RWP 22-08, September 2022
We show theoretically and empirically that the dollar’s status as the global reserve currency can lead to economically significant changes in U.S. money market liquidity. We develop a model in which U.S. money market spreads respond to foreign central banks’ exchange-rate management decisions. Foreign central banks remove liquidity from U.S. money markets and cause spreads to widen by selling Treasuries to supply liquidity to their financial systems. Our analysis focuses on the major oil exporting countries with fixed exchange rates because their foreign-exchange market interventions are straightforward to characterize. Our regression analysis shows that shifts in the central banks’ demand for dollar liquidity related to oil price volatility are associated with significantly higher overnight spreads in domestic money markets. A one-standard deviation increase in the demand for dollar liquidity by a central bank in an oil-exporting country leads, on average, to three billion dollars of Treasury sales and a two to six basis point increase in U.S. money market spreads. At the same time, deposits held with the Federal Reserve increase in response to this higher oil-price volatility, which is consistent with the model’s predictions. This evidence indicates that the widespread use of the U.S. dollar as a reserve currency acts as a channel that can propagate funding shocks from the rest of the world to the United States.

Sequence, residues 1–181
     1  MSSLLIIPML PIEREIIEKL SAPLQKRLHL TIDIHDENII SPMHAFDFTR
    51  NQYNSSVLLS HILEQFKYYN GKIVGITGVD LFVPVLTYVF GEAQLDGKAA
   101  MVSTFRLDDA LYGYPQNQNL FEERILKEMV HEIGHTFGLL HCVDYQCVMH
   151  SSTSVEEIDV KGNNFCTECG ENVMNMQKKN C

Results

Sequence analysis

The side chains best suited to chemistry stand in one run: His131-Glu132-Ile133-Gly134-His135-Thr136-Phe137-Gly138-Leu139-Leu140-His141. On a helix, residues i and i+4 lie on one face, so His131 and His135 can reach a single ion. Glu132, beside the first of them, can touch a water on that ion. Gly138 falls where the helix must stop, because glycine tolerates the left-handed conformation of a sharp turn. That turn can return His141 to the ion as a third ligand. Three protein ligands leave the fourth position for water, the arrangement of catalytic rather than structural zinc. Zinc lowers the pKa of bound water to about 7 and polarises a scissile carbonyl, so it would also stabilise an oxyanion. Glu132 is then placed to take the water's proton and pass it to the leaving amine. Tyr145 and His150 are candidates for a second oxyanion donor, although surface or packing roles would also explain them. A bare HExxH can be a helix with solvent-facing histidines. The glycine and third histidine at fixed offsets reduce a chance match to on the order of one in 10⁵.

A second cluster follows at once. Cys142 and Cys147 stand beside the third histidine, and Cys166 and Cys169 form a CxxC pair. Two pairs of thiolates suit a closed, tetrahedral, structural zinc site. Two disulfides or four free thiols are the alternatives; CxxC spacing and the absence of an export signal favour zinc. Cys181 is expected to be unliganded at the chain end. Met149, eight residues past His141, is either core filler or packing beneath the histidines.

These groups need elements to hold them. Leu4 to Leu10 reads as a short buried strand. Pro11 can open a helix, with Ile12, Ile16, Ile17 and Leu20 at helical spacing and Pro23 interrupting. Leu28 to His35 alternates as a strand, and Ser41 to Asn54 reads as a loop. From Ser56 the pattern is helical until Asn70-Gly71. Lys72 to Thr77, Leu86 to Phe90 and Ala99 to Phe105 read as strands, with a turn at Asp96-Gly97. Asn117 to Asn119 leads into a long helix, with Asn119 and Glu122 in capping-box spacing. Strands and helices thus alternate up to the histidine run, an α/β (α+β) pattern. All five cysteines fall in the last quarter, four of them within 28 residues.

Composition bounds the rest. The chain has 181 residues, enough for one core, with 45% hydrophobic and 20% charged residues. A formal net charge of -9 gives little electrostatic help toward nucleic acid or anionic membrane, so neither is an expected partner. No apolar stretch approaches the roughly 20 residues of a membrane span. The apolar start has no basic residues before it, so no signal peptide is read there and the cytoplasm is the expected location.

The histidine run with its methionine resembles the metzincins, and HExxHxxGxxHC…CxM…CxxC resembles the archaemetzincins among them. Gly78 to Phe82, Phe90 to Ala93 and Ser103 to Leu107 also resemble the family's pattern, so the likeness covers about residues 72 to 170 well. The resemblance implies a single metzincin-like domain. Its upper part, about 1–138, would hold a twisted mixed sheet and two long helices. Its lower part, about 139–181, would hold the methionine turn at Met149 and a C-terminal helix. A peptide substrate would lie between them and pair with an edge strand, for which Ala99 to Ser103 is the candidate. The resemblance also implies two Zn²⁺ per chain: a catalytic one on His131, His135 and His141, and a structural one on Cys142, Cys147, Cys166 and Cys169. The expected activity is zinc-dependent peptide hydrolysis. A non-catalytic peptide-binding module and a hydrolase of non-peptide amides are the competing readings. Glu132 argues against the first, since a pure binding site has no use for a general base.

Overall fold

JEL classifications: E43, G12, G13, G23
Alquist, Ron, R. Jay Kahn, and Karyle Dilts Stedman. 2022. “Foreign Reserve Management and U.S. Money Market Liquidity: A Cost of Exorbitant Privilege.” Federal Reserve Bank of Kansas City, Research Working Paper no. 22-08, September. Available at External Linkhttps://doi.org/10.18651/RWP2022-08